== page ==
Head. Bang. On. Desk.
Thought I’d go ahead and get that out of the way before proceeding. You may want to do likewise. Go ahead and bang your head on your desk (or any nearby hard surface if you’re reading this on a tablet) while you’re calm and can control the momentum.
Now, let me begin this post by quickly reviewing how The Anointed react when one of their Grand Plans fails: they never, ever blame the plan. The plan was, of course, brilliant and should have worked … after all, it was designed by The Anointed. So if the plan fails, it can only mean that:
- People didn’t implement the plan correctly because they’re stupid
- People undermined the plan because they’re evil
- The plan didn’t go far enough
The USDA’s Grand Plan to improve the nation’s health by telling us what to eat began with the Food Pyramid – you know, base your diet on 6-11 servings per day of grains, cut way back on fats, switch to vegetable oils, etc. Strangely, the launching of the Grand Plan coincided with a decades-long rise in rates of obesity and diabetes. So the USDA reached the only logical conclusion: the Food Pyramid must be too complicated. In other words, people didn’t follow it correctly because they’re stupid.
So the USDA took pretty much exactly the same dietary advice and repackaged it as MyPlate. Much simpler, you see, because it’s shaped like a plate. All the stupid people have to do is put grains on the brown section of the plate marked “grains,” vegetables on the green section marked “vegetables,” etc.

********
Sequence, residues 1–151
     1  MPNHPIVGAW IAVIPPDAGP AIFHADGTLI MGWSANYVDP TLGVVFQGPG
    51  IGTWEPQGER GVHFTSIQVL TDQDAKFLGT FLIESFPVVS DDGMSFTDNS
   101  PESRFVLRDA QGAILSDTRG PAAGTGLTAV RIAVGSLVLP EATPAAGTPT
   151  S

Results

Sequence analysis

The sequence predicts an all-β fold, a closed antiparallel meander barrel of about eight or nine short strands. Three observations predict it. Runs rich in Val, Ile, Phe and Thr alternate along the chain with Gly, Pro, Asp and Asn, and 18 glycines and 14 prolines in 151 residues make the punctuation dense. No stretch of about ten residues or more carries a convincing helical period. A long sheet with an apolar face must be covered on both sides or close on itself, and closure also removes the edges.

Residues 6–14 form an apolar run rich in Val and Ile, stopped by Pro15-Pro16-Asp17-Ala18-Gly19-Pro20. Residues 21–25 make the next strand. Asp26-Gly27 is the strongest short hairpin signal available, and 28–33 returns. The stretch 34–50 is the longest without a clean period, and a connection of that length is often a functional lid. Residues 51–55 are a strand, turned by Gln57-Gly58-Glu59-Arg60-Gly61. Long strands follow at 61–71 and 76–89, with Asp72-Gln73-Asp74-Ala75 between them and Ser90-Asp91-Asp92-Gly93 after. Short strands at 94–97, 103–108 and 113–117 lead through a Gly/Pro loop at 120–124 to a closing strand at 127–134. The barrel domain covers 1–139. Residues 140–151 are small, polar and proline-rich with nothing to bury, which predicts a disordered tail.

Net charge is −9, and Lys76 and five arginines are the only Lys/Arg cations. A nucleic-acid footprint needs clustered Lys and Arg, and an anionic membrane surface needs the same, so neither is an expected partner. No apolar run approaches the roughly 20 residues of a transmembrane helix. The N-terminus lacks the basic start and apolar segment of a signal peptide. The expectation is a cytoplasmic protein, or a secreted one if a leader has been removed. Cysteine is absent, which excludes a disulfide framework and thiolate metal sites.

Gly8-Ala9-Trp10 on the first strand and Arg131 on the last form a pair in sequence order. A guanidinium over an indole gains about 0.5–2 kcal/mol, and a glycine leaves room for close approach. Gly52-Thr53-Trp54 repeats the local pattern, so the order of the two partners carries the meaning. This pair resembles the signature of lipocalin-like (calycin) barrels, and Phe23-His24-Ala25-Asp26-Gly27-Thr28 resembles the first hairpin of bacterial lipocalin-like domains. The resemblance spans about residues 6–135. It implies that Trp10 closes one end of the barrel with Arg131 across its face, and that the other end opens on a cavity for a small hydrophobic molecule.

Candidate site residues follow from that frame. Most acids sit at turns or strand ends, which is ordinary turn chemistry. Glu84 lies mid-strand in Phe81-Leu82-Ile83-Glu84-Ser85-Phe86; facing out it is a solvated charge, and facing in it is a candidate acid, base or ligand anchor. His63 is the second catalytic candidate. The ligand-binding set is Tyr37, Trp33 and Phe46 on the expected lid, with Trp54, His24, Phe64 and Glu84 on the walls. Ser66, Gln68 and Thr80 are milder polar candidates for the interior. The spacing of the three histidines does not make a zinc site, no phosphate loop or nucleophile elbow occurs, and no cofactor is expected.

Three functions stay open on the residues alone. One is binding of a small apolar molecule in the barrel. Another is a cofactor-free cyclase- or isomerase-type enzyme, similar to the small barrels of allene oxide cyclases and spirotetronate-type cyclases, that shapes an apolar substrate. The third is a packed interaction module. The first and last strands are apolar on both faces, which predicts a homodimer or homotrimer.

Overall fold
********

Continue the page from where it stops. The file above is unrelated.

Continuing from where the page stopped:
The “protein” section of MyPlate is purple, which I admit might be a problem. Stupid people could end up wandering all over the store looking for purple foods, then end up eating unpeeled eggplants for protein. In fact, the USDA appears to have zeroed in on grocery-shopping as the weak link in the whole plan. After all, how are you supposed to properly fill all the sections of your MyPlate at home if you didn’t buy the correct foods in the first place?
Never fear … The Anointed at the USDA have a new plan to help the stupid people fill their shopping carts with MyPlate-approved foods. Here are some quotes from an article in the U.K. Daily Mail:
Talking shopping carts, free movie tickets and supermarket cooking classes are just a few of the latest recommendations the government is proposing to trim America’s waistband.
The new proposals were detailed in an 80-page report released this month by the U.S. Department of Agriculture and is focused on the 42 million Americans receiving food stamps.
The problem isn’t that 42 million Americans are receiving food stamps, you see. Nope, the problem is that they’re buying the wrong foods. So we need talking shopping carts to tell them what to buy while they’re buying. Can’t trust them to remember all that good USDA advice once they get past the greeter in the big-box store.
The new recommendations are designed to reward healthy eating and change supermarket layouts and programs to highlight more nutritional foods.
A shopping cart telling you what to buy and a reward if you comply … if you didn’t already believe The Anointed in government view people who don’t follow their advice as ignorant children, this should convince you.